City official gets housing for life
ASPEN Aspen’s public works director and his wife have guaranteed housing for rest of their lives – an unprecedented exception to the city’s housing policy that elected officials approved behind closed doors.Phil Overeynder must work full time for the city for the next five years and then part time for five years, according to an agreement signed May 8. After that, he can enjoy retiring in the city-owned house on the Marolt Open Space, where he’s lived since 1995. Overeynder, 59, oversees the city’s water, electric and streets departments. His deal is unlike any other city employee’s. The current policy stipulates that if a city employee who lives in city-owned housing resigns, that employee has six months to vacate. There is no retirement housing benefit attached to any employee except Overeynder.City Manager Steve Barwick confirmed that there is no other contract of its kind for any other city employee. City Hall employs about 280 full-time staffers.The deal came after Overeynder attempted to resign last month to take a similar position in Ukiah, Calif. But because Barwick values Overeynder as an employee, he went to the City Council in executive session and asked it to make an exception to the housing policy.”After hearing Phil’s announcement that he was leaving the city, I asked him what I could do to make him change his mind, and he said he was leaving because of the lack of an appropriate place to live upon retirement,” Barwick said.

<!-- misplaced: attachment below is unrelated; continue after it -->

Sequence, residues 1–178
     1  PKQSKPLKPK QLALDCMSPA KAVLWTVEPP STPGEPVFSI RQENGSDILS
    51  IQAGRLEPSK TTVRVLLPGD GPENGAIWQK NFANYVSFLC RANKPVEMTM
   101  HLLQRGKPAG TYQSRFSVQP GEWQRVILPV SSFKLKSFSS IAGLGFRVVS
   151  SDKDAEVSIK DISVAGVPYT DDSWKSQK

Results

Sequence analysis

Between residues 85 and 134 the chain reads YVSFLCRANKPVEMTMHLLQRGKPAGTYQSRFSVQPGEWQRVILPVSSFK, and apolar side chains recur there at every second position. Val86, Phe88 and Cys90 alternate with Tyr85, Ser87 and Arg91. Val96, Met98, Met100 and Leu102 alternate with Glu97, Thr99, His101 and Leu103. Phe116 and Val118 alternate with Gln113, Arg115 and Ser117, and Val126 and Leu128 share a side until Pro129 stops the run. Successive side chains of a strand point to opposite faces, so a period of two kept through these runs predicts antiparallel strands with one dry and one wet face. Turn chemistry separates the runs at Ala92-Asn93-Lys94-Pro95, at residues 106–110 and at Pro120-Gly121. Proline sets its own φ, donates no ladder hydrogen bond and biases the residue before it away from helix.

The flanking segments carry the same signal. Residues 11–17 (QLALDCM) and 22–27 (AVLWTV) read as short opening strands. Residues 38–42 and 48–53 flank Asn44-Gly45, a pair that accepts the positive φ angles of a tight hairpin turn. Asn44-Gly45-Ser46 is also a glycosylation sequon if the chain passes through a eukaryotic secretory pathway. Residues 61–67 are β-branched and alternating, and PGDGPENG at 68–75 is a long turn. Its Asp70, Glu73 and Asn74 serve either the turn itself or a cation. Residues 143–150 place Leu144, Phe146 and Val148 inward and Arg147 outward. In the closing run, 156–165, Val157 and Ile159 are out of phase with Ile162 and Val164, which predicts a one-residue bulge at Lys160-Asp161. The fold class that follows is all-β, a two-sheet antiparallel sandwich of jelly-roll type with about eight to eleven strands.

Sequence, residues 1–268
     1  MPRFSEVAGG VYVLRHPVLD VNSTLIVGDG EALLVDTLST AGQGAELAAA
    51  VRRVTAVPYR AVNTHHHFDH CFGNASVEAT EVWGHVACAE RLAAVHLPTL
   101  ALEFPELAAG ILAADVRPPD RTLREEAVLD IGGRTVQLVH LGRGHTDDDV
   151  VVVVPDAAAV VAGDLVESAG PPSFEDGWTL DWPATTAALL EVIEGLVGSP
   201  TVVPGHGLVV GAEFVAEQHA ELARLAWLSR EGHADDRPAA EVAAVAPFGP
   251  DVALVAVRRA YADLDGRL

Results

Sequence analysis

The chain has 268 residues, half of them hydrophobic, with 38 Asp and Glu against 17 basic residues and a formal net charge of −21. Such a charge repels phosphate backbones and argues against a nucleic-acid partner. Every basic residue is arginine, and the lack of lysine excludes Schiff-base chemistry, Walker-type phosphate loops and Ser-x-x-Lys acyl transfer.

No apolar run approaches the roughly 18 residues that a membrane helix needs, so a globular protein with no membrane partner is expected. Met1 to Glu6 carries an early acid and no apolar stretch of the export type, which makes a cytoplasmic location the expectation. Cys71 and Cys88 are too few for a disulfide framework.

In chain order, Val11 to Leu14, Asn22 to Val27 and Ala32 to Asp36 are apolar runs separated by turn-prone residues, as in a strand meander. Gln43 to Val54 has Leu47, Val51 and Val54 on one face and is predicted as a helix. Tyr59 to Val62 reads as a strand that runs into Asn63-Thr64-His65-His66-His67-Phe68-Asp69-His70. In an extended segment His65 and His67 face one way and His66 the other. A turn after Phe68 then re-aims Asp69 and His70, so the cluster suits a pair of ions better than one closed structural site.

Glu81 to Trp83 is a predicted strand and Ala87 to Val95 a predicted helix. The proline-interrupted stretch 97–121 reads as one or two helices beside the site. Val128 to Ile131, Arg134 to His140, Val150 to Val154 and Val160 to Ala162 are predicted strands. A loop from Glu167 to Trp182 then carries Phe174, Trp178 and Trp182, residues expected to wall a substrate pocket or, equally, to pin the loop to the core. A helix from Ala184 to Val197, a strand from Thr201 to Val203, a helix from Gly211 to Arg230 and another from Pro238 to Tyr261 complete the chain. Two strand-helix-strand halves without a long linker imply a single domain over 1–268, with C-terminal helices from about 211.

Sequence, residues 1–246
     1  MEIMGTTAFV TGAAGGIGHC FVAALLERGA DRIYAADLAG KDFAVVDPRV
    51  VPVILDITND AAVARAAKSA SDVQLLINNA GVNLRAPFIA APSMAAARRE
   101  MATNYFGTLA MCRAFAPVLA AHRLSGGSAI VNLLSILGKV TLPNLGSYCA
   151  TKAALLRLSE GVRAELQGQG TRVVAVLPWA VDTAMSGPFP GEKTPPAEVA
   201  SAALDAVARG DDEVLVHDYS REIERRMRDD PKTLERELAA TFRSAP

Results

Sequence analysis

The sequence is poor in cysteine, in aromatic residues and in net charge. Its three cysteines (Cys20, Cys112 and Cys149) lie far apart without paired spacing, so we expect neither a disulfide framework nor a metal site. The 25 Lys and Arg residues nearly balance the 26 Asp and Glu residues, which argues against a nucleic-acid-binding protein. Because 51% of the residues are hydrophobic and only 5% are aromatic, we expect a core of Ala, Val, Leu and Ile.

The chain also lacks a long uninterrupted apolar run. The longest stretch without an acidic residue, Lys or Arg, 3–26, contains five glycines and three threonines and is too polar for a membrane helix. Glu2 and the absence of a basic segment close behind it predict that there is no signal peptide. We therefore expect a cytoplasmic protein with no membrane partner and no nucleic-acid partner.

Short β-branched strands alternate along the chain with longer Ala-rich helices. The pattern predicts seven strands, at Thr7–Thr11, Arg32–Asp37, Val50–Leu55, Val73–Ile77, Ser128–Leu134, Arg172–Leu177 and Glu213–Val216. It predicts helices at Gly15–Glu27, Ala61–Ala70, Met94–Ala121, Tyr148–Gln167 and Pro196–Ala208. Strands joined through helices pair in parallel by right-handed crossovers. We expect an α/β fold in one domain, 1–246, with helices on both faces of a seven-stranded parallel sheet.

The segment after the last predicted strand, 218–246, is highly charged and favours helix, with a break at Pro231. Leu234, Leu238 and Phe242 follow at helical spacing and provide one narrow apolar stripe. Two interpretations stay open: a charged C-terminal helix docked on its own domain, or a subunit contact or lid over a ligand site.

“It was a simple business decision,” Barwick added. “The upside of having Phil for 10 years far outweighs the cost of dedicating housing to him.” Barwick said Overeynder did not request the lifetime housing; rather, it was offered to him. “We negotiated, and I wanted 10 years’ worth of his time,” he said. “He’s fascinated by his job and wants to keep working.”Overeynder and his wife, Deborah, pay $1,540 a month to live at 40176 Highway 82, the only house on the Marolt Open Space. Overeynder is one of the highest-paid employees in City Hall, making about $110,000 a year. He has worked for the city for 15 years.The agreement also stipulates that if Overeynder dies before Deborah, she will be able to live in the house for the rest of her life. Overeynder said he is grateful for the housing and the opportunity to continue working for the city. “I want to stay here and finish my career and I still have to a lot to accomplish,” Overeynder said. “I’m glad I got the opportunity.”